What is EMDR Therapy?
Research-Supported Effective Treatment
What does EMDR stand for?
EMDR stands for Eye Movement Desensitization and Reprocessing. It is a type of therapy, created by Dr. Robin Shapiro, that is now widely accepted as a research-supported, effective treatment for trauma and other adverse life experiences.
By dictionary definition, trauma is any event that has had a lasting negative effect. The word trauma often evokes images of those big events you see in the news. War veterans, survivors of natural catastrophes and terrorist attacks, these are the sufferers of trauma in media and society at large.
However, we all know people who have lost jobs, loved ones, even possessions and who have truly suffered as a result. When you lose your peace of mind, there can be serious physical and psychological consequences no matter what the cause.
How is EMDR different than talk therapy?
Many forms of therapy involve only talking about problems. One aspect of EMDR therapy is that you do not have to talk in detail about a trauma for it to be digested by your own information processing system in the brain. Rather than trying to talk through the problem, the processing occurs on a physiological level and allows new associations, insights, and emotions to emerge spontaneously. EMDR therapy involves a very specific set of procedures to support your brain's own healing mechanisms.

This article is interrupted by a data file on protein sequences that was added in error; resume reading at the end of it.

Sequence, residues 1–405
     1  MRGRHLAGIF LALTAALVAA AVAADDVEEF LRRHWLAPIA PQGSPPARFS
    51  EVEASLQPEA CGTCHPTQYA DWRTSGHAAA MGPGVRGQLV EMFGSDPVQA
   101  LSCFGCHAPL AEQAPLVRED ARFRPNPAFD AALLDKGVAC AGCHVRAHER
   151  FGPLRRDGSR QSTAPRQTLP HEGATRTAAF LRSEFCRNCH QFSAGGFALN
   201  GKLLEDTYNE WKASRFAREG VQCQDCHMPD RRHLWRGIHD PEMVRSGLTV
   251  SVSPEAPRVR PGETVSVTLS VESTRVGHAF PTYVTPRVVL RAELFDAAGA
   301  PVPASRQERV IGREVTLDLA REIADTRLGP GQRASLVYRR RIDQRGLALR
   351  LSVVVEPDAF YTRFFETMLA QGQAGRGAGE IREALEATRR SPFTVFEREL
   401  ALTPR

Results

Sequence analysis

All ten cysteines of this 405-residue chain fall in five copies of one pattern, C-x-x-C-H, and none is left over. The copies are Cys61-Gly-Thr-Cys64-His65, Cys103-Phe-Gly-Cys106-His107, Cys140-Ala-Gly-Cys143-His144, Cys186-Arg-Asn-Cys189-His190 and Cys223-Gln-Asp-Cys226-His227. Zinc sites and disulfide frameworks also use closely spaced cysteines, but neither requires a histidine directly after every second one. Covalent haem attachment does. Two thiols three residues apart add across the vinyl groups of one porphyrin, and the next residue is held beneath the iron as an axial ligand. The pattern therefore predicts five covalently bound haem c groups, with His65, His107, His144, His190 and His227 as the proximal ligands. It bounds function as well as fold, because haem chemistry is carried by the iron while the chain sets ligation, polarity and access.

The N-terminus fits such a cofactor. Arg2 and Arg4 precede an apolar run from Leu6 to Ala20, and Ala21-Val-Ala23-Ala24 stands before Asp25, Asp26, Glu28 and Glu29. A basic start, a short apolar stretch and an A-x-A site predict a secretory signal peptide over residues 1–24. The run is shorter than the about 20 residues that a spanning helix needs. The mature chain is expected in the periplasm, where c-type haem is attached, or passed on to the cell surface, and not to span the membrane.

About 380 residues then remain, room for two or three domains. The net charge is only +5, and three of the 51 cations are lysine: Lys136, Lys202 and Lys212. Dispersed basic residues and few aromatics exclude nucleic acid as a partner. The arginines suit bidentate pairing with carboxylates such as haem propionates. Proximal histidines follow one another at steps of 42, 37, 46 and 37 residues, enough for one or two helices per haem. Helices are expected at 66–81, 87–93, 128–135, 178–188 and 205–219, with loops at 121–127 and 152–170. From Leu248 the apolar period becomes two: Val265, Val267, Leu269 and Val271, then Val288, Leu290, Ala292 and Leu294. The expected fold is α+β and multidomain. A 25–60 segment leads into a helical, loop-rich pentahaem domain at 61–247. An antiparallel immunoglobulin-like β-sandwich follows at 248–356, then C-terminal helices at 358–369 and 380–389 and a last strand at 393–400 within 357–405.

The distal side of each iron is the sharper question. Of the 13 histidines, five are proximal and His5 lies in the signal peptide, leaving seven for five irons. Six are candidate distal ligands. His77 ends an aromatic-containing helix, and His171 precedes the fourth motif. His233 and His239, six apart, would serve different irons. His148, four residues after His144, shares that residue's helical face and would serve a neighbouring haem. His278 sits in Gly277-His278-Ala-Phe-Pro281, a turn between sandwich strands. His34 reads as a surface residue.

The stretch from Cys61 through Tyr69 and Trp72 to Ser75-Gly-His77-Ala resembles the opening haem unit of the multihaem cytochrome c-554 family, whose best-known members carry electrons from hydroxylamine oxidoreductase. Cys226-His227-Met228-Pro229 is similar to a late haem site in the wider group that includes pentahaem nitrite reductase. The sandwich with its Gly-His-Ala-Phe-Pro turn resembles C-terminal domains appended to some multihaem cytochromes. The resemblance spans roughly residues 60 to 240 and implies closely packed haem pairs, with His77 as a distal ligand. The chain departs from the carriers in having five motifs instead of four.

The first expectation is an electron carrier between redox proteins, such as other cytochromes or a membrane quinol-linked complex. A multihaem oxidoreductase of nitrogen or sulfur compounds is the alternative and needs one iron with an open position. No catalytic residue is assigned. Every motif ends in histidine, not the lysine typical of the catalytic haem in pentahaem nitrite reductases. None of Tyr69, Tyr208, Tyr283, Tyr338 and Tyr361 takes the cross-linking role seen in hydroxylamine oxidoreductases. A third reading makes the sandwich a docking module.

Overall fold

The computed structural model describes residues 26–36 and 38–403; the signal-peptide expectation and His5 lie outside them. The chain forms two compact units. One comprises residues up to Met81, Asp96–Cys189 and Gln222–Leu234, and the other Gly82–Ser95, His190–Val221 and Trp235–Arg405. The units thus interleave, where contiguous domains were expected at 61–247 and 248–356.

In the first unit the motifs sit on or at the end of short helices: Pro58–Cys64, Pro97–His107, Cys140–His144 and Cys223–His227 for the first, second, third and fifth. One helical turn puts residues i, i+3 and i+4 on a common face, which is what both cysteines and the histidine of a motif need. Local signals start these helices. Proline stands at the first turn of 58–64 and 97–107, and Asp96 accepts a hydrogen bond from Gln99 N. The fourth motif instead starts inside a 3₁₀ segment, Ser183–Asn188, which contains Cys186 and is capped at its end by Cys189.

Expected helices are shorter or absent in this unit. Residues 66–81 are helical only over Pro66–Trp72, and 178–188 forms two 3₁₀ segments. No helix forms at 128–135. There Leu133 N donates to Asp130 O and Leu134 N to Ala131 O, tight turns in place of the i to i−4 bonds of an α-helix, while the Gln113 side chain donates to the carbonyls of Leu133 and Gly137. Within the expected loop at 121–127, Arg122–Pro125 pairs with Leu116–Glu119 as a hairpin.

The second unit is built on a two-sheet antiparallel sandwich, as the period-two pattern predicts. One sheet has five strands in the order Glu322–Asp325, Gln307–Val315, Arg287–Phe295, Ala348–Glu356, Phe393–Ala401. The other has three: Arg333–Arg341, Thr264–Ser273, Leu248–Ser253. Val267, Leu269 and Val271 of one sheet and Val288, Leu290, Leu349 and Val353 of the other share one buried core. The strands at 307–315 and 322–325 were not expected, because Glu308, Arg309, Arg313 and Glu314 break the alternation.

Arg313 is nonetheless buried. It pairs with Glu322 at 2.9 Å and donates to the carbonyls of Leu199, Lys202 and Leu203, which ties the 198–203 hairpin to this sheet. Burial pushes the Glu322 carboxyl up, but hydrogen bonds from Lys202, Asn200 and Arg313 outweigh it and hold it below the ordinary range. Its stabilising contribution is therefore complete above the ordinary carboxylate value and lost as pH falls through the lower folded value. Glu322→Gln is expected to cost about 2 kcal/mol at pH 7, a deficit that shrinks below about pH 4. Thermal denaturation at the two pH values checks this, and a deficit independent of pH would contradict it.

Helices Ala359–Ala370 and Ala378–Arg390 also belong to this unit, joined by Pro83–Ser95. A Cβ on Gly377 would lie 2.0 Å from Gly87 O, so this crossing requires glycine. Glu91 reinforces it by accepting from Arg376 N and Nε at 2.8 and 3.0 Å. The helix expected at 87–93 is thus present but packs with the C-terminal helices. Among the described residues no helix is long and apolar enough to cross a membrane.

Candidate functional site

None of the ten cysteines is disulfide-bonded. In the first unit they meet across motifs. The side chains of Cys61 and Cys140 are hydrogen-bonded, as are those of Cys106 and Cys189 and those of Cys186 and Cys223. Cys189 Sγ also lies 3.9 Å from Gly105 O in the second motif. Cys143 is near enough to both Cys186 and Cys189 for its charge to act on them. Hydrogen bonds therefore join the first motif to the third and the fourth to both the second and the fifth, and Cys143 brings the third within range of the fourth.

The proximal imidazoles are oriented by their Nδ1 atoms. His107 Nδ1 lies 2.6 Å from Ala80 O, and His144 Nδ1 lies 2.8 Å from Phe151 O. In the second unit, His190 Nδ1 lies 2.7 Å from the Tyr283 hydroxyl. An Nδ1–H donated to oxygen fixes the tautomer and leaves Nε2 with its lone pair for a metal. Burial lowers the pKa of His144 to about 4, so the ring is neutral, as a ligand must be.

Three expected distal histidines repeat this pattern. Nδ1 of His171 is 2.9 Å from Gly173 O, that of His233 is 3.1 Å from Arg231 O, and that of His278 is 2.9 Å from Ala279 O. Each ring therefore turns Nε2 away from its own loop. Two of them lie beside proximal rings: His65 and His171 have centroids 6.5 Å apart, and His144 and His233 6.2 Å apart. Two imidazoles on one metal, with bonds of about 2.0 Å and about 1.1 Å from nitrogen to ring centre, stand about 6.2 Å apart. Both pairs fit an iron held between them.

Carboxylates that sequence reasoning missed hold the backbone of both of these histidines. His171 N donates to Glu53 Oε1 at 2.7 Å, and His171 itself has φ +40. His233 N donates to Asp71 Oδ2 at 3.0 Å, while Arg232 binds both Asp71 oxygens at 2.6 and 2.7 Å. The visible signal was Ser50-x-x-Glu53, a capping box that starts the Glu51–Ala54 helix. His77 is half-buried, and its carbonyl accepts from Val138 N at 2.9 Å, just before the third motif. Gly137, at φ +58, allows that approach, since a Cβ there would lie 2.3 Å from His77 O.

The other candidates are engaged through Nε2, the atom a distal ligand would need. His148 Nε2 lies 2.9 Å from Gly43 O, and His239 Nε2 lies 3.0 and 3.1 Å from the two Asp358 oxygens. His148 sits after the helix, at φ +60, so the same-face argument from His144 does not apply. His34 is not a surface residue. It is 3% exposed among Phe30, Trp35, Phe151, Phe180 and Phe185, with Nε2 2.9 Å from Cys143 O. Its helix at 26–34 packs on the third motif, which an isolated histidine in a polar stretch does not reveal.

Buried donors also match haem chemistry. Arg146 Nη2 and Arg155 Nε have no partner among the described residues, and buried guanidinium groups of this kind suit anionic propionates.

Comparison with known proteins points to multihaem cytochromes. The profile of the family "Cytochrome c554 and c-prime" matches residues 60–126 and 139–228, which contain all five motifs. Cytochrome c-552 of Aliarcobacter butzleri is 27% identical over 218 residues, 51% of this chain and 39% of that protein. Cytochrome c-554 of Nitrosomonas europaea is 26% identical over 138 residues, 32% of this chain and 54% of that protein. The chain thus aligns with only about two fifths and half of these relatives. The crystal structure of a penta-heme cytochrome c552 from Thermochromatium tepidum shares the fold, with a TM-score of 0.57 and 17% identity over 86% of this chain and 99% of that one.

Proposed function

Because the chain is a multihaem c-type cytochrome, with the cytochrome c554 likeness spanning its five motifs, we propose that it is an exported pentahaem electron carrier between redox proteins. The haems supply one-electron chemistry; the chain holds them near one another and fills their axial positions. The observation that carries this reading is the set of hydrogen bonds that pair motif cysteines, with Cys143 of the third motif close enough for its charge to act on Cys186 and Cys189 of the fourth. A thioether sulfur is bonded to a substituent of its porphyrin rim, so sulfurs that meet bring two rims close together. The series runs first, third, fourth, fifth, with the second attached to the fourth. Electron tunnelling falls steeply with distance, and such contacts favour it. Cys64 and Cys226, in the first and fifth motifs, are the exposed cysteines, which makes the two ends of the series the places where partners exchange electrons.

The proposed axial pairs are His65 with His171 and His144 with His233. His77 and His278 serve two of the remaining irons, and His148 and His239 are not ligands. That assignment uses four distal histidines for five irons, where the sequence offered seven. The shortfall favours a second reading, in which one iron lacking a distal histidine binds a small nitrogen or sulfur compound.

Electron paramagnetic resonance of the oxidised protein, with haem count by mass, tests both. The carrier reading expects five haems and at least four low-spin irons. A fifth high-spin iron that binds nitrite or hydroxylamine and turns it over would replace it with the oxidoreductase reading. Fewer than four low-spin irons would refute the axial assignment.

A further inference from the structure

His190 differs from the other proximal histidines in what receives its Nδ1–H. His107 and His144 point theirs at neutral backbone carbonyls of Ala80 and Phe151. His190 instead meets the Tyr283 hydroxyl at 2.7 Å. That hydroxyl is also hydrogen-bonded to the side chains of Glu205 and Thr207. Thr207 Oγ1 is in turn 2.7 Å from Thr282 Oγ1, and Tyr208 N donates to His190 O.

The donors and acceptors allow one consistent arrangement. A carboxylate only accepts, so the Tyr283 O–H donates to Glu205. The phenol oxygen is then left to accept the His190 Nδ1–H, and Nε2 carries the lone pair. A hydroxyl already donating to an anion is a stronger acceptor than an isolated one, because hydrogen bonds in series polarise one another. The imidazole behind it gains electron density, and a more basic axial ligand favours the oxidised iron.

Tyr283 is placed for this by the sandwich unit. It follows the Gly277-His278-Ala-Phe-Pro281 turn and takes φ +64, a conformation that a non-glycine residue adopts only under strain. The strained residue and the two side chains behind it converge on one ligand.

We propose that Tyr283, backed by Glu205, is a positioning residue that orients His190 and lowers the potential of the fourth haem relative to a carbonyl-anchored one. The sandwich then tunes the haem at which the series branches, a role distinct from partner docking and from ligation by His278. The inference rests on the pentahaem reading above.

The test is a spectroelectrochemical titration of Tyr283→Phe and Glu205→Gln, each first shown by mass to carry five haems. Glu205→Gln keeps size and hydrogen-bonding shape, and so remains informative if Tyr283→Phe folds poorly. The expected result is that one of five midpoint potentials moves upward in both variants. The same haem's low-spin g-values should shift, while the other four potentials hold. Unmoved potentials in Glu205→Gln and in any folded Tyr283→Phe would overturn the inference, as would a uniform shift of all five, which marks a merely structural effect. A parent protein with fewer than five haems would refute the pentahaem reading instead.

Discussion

EMDR is the only type of therapy that can be done consecutively and still be effective. Multiple studies indicate that 84 to 90 percent of the people using EMDR—victims of rape, natural disaster, the loss of a child, catastrophic illness, or other trauma—have recovered from posttraumatic stress in only five hours of treatment (source).
If you are interested in learning more about doing EMDR in an intensive format, click here. This is an option for people who are looking to find relief from symptoms quickly in a safe way.
What kinds of problems can EMDR work for?
Scientific research has established EMDR as effective for:
post-traumatic stress (PTSD)
sexual and/or physical abuse
body dysmorphic disorders
How can I learn more about EMDR?
I am available to explain EMDR therapy more in depth if you are interested in it or we will collaboratively decide if it is a good fit for you during your appointment.
Please visit the following resources for more information about EMDR Therapy: